After winning national support in 2007-09 during efforts to fight charges of alleged election irregularities, the Rev. Edward Pinkney has again been indicted for his tireless work to make public officials in Benton Harbor, Mich., accountable to the people. Rev. Pinkney was placed under house arrest after he turned himself in to local authorities in late April. The day before Pinkney surrendered a SWAT team visited his home and blocked off the entire area. Rev. Pinkney was not home when members of the Benton Harbor Police, Berrien County Sheriff deputies, Michigan State Police and possible federal agents sought to apprehend him without his knowledge. Rev. Pinkney has been spearheading a recall election campaign to remove Mayor James Hightower. The mayor is accused of being a willing operative of Whirlpool Corp., a major powerbroker in the area. As a result of his organizing work, Rev. Pinkney has been indicted on five felony counts and six misdemeanors. The charges could result in 15 years in prison if he is convicted. County prosecutors claim that Rev. Pinkney forged signatures on recall petitions. The community leader denies these charges. He says he is committed to the removal of Hightower and the election of a replacement, namely, City Commissioner Marcus Muhammad. Despite these indictments, Rev. Pinkney remains confident that he will prevail against these recent attacks. He says the evidence against him was manufactured to provide the pretext for the county courts to delay the recall election scheduled for May 6. Consistent challenger of racism, injustice Rev. Pinkney has been an outspoken critic of the emergency management system under both previous Gov. Jennifer Granholm and current Gov. Rick Snyder, which has placed African-American and working-class municipalities under total dictatorship of the banks and corporations. The population of Benton Harbor is 89 percent African American, which has dropped off to approximately 10,000 residents. Benton Harbor was one of the first municipalities to fall victim to the so-called Emergency Manager Law. Cities can now be placed under the direct administration of the state government in order to enforce such austerity measures as layoffs of public employees, liquidation of public assets and school closures. The city was hit hard by the foreclosure crisis, and production at Whirlpool facilities was reduced to almost nothing. With the exception of three working-class suburban communities outside of Detroit, cities under emergency management — Flint, Detroit, Inkster, Highland Park and Benton Harbor — have majority African-American populations. Rev. Pinkney played a role in a statewide petition campaign and referendum which initially overturned the emergency manager law. It was re-imposed by Gov. Snyder and the right-wing, Republican-dominated state legislature in late 2012 during a lame-duck session. Through the Black Autonomy Network of Community Organizers, Rev. Pinkney has been mobilizing people throughout Berrien County for over a decade. BANCO was formed in Benton Harbor in response to the death of an African-American motorcyclist during a police chase in June 2003. The African-American community in the city rose up during four days of rebellion, and Michigan State Police were deployed to put it down. At the time Gov. Granholm, a Democrat, pledged to help the city with the creation of jobs and community programs. However, social conditions in the city worsened and public assets were later turned over to business interests for a widespread gentrification and relocation program aimed at the African-American community. In a campaign to stop gentrification, BANCO attempted to recall several city commissioners in 2007. For those efforts, Rev. Pinkney was falsely charged with “buying votes” and convicted through questionable testimony. He was placed on probation for four years, with another year in jail that could be served under house arrest. As a result of an article Rev. Pinkney published in the People’s Tribune in 2008, a Berrien County judge alleged that he had threatened the life of his sentencing judge, so Rev. Pinkney was sentenced to state prison for an entire year. Through national support Rev. Pinkney was able to appeal those charges and win release in 2009. He has continued organizing in Benton Harbor with both BANCO and a local chapter of the NAACP.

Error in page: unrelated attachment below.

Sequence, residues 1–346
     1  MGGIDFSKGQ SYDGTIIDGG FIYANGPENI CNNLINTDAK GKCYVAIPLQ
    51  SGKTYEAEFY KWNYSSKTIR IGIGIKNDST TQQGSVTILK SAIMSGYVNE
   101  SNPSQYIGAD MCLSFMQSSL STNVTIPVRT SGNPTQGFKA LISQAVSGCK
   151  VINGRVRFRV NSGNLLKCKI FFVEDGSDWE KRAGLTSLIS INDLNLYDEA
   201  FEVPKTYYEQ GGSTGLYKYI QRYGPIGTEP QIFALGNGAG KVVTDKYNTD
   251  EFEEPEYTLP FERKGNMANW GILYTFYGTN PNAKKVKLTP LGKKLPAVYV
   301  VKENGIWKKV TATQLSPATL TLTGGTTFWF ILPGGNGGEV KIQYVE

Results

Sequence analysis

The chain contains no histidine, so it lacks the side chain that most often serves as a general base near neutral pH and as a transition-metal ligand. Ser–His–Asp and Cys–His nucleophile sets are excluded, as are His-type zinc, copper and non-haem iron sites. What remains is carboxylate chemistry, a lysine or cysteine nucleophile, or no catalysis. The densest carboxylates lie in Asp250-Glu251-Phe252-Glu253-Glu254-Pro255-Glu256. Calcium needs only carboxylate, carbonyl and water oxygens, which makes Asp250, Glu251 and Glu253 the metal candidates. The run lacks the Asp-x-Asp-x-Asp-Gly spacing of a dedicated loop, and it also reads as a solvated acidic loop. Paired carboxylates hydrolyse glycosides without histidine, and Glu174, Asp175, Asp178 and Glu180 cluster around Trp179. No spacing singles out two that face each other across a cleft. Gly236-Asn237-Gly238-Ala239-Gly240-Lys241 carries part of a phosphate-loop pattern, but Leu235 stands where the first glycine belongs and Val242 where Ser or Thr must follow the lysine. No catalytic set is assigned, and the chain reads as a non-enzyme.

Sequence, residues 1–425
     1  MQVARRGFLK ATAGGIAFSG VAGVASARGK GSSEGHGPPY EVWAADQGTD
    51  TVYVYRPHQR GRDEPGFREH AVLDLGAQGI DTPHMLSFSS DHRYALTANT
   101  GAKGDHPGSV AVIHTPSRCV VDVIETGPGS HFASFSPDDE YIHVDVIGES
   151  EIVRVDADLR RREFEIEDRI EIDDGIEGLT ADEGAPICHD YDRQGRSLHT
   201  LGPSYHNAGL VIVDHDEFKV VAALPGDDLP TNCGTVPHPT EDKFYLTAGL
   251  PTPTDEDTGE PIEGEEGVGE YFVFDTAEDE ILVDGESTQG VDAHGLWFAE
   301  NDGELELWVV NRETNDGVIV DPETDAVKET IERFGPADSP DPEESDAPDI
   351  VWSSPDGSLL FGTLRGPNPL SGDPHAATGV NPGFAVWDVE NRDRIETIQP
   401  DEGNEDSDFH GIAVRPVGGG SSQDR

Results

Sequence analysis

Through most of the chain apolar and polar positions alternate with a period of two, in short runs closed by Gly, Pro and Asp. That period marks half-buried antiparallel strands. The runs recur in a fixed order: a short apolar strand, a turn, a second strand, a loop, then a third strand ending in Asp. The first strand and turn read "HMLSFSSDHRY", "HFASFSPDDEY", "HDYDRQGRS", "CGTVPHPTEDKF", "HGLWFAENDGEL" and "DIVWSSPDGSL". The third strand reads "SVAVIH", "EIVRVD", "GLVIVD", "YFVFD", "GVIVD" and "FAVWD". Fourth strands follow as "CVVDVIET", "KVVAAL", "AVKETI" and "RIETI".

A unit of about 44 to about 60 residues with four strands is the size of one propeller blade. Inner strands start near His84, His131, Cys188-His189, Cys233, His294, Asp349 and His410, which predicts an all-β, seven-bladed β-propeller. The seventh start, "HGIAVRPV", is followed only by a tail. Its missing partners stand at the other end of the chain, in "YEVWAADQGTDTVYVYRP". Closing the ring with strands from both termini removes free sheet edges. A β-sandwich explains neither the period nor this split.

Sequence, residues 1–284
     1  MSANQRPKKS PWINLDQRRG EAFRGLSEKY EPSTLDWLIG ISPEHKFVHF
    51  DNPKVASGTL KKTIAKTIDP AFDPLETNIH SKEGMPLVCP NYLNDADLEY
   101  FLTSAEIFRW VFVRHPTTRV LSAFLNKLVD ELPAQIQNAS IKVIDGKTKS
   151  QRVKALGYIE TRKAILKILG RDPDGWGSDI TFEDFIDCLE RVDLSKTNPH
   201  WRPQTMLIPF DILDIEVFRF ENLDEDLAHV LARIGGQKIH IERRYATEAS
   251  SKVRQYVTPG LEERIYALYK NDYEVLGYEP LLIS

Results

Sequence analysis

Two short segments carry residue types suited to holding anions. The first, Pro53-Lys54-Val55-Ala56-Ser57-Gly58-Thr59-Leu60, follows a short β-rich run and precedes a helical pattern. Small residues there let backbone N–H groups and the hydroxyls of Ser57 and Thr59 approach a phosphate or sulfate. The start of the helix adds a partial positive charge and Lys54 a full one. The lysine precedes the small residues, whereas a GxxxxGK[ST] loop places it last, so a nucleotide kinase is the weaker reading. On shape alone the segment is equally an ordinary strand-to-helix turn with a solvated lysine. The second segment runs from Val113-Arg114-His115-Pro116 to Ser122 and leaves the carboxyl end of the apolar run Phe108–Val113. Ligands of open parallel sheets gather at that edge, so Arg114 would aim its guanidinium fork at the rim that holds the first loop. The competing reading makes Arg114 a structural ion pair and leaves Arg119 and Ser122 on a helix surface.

Guilty. A Berrien County jury has convicted Edward Pinkney of five felony charges of Election Fraud for changing dates on the recall petitions against Benton Harbor Mayor James Hightower. He faces up to 25 years in prison if Judge Sterling Schrock does not allow the sentences to be served concurrently. The Berrien County Prosecutor's office notes the maximum sentence on each charge is 5 years, but because Pinkney has previous election fraud felony convictions, the penalty could be increased. He will be sentenced on December 15. The jury acquitted Pinkney on six misdemeanor charges of allowing people to sign petitions more than once.